I think most of us were surprised when ABC and Disney announced that they were going to offer television shows on iTunes... those of us normal consumers, that is. Imagine how shocked major television stations were when they discovered how behind the curve they were. Well, if you were fretting, then don’t fret anymore, because CBS and NBC have both announced that they’re going to offer television shows on-demand for 99 cents an episode. The shows will be available the day after they aired and will be commercial free. That’ll show ABC and Apple, right?
Hmmm, something tells me not so much.
Reason One: Who uses on-demand?
Raise your hand if you use on-demand. Now, raise your hand if you subscribe to Netflix or some other online movie rental site. Okay, don’t use online rentals, who here rents from a local video store? Honestly, when it comes down to it, how many people really use on-demand? It must be somewhat successful, if it’s still around, but I’ve never used it... I’ve tried to buy movies and pay-per-view sporting events before, but that didn’t work for whatever reason. The whole ordeal bothered me so much that I just gave up and cursed on-demand.
Reason Two: Is on-demand neccessary?
I’m going to assume that most of the viewers that DO use on-demand will also already have DVR-capable cable boxes. I understand that every once in a while we’ll miss an episode here and there, so now they can buy it and catch up. Which gives us all more incentive to actually upgrade your cable box (if you haven’t already done so) and learn how to use the DVR.
Reason Three: You can probably catch a re-run.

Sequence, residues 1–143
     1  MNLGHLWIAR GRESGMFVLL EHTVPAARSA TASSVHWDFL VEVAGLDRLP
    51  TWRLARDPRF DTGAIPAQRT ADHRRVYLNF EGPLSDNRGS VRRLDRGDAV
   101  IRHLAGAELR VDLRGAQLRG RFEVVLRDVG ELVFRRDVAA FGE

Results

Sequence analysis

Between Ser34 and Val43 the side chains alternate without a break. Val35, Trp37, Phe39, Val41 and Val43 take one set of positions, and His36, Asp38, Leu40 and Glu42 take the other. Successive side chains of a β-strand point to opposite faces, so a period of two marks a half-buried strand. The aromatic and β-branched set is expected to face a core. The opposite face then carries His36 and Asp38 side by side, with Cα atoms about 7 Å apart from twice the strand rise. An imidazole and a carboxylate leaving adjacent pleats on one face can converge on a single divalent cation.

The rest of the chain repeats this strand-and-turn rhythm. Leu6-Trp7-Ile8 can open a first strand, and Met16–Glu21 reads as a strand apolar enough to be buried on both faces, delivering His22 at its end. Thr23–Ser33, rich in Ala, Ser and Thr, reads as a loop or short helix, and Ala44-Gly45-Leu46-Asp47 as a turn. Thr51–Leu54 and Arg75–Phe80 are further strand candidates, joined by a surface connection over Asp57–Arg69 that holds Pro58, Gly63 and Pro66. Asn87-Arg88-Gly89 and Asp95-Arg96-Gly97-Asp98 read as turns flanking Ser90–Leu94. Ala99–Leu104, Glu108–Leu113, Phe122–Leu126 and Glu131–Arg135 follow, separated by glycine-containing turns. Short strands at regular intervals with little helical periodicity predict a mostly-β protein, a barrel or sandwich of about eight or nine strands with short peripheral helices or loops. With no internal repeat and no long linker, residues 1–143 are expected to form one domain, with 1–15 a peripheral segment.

If you hadn’t noticed already, networks have recently began using Saturdays (and now some Fridays) as dumping grounds for re-runs since those nights aren’t pulling in ratings well enough. If you didn’t knot that, then you probably have a social life (or another equally good reason). If networks are already re-playing episodes of popular shows, why not just let people know? Then you’re providing it for free and viewers will love you. It doesn’t matter if it’s commercial-free, people fast-forward through the commercials anyway.
Reason Four: The cost of television.
So you subscribe to basic cable, that’s what, $15 a month? Why would you pay $1 for a show that you missed? More importantly, would you rather buy one single episode of a series you love for $1 (just to get caught up, since online recaps just aren’t good enough, snob), or buy a dvd of the entire season for $40?
Here’s another interesting thing to think about, television stations make most of their profit by charging advertisers boat-loads of money to run ads during popular shows (think Super Bowl). If networks are already making bank for having commercials (meaning, the television show is already shot and produced), then think about how much money they’re skimming off the top when you buy and watch commercial-free episodes. Is this the future of television?
Reason Five: The crux of the situation.
This is probably the most compelling reason (in my opinion) that this isn’t a good idea. Why buy an episode of a tv show when you can ONLY watch it on your tv? Now this is just me, but, I’d be willing to spend one dollar more to be able to view it on my computer, iPod, PSP, etc. If I wasn’t around my tv to watch it in the first place, who’s to assume that I’ll instantly gain an hour to sit at my television? That only happens on the fall version of daylight savings... and that’s a one-time, one-hour deal.
Ultimately, these arguments are kinda silly to think about. We all know that ABC, CBS and NBC are wanting to capitalize and make money from their super fans. Forget the fact that we’re already paying a hefty sum to have cable in the first place. You have to decide whether a particular show really is worth your $1-2. Besides, does anyone in the fan-base of any show on CBS or NBC care about having their shows on iPods? Me not know, but me guess not.